All India Communist Party

From Wikipedia, the free encyclopedia
Jump to: navigation, search

The All India Communist Party was a communist party in India. It was emerged after a split in the Communist Party of India in 1980, by a section of CPI cadres dissatisfied with the political changes that occurred during the 1978 Bhatinda conference of CPI. During most of the 1970s CPI had supported the government of Indira Gandhi and the Indian National Congress. But after the electoral defeat of Gandhi in 1977 CPI began to reconsider its relation to the Congress. After the Bhatinda conference CPI distanced itself from the Congress and aligned itself with the Communist Party of India (Marxist) instead, promoting left unity. The founders of AICP wanted to retain the close relationship with the Congress.

Roza Deshpande, the daughter of the founding leader of CPI S.A. Dange and her husband Bani Deshpande, played an important role in organising the founding of the new party.[1] Dange himself was initially largely sceptical of a split in the CPI.[2]

The first conference of AICP was held in Meerut,[3] commencing on 13 March.[4] Dange turned up uninvited to the Meerut conference and took charge of the new party. He was elected general secretary of the party.[1][2][5]

As an alternative to the CPI-controlled Indian-Soviet Cultural Society (ISCUS), members of AICP and the Congress set up the Friends of the Soviet Union. But the control over FSU was completely taken over by the Congress.[6]

Although having Dange, a historical stalwart of the communist movement in India, as its leader AICP was not able to attract any major nationwide following. According to Bhattacharya two reasons were of significance. First of all, the Soviet Union did not give any political support to the new party. The founders of AICP were upholding the pro-Soviet CPI policy of cooperating with the National Congress (which was in line with Soviet geopolitical ambitions), but the Soviets were not interested in a split within CPI. Secondly, the Congress showed limited interest towards the idea of having a national alliance with the new party. In the end, the two parties would be poised against each other in several local elections.[6]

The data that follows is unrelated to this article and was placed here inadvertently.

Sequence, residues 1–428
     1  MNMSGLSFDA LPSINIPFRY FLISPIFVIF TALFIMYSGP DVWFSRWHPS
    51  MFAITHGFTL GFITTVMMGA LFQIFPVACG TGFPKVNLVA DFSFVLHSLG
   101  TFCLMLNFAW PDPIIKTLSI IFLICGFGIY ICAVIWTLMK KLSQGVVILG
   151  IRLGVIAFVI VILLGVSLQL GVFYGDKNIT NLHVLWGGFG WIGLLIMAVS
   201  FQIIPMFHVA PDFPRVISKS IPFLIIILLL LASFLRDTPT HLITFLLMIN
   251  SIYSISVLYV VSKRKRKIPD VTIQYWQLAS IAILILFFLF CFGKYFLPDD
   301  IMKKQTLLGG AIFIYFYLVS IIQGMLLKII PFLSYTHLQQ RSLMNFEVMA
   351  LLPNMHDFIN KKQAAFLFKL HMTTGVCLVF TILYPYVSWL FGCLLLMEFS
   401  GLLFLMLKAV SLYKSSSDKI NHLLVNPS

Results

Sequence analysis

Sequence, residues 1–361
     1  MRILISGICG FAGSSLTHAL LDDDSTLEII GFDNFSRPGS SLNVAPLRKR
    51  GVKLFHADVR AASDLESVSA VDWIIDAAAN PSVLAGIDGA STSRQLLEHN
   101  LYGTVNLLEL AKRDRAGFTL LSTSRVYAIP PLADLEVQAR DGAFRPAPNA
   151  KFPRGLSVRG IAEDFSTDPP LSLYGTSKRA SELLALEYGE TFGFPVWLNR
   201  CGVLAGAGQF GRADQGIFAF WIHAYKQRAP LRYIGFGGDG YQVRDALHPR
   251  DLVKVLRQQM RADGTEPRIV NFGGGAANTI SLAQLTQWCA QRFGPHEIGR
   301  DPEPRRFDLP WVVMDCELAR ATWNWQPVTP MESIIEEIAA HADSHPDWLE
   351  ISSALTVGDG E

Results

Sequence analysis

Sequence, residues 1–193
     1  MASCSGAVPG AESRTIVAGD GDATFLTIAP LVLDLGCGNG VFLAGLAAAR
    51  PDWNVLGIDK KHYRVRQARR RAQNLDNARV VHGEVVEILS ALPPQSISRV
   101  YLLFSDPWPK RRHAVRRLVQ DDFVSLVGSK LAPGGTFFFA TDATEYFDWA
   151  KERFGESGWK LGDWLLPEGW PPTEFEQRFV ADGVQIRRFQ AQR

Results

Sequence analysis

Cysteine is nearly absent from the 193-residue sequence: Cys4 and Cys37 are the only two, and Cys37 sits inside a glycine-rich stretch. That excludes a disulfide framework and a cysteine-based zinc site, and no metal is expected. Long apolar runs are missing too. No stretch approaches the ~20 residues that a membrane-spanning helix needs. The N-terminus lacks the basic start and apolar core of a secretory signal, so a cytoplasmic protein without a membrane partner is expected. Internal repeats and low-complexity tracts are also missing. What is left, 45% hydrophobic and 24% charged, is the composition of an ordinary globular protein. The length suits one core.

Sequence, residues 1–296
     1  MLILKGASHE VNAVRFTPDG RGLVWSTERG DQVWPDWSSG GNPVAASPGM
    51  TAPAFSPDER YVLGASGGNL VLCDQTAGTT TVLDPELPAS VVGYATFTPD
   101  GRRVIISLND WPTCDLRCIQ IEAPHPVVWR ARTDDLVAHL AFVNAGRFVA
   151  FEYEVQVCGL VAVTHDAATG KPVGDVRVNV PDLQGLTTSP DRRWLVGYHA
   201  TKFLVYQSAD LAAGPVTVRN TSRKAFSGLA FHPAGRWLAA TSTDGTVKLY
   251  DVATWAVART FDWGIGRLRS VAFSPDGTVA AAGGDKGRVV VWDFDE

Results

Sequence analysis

In 1987 AICP merged with the Indian Communist Party and formed the United Communist Party of India, which would function as a continuation of the political line of AICP.

References[edit]

  1. ^ a b Andersen, Walter K.. India in 1981: Stronger Political Authority and Social Tension, published in Asian Survey, Vol. 22, No. 2, A Survey of Asia in 1981: Part II (Feb., 1982), pp. 119-135
  2. ^ a b Sen, Mohit. A Traveller and the Road – The Journey of an Indian Communist. New Delhi: Rupa Co., 2003. p. 388
  3. ^ Das Gupta, Jagadish, in Banerjee, Gopal (ed.), S.A. Dange – A Fruitful Life. Kolkata: Progressive Publishers, 2002. p. 101
  4. ^ New York Times, 14 March
  5. ^ Banerjee, Gopal (ed.), S.A. Dange – A Fruitful Life. Kolkata: Progressive Publishers, 2002. p.153
  6. ^ a b Bhattacharya, Mrimoy in Banerjee, Gopal (ed.), S.A. Dange – A Fruitful Life. Kolkata: Progressive Publishers, 2002. p. 141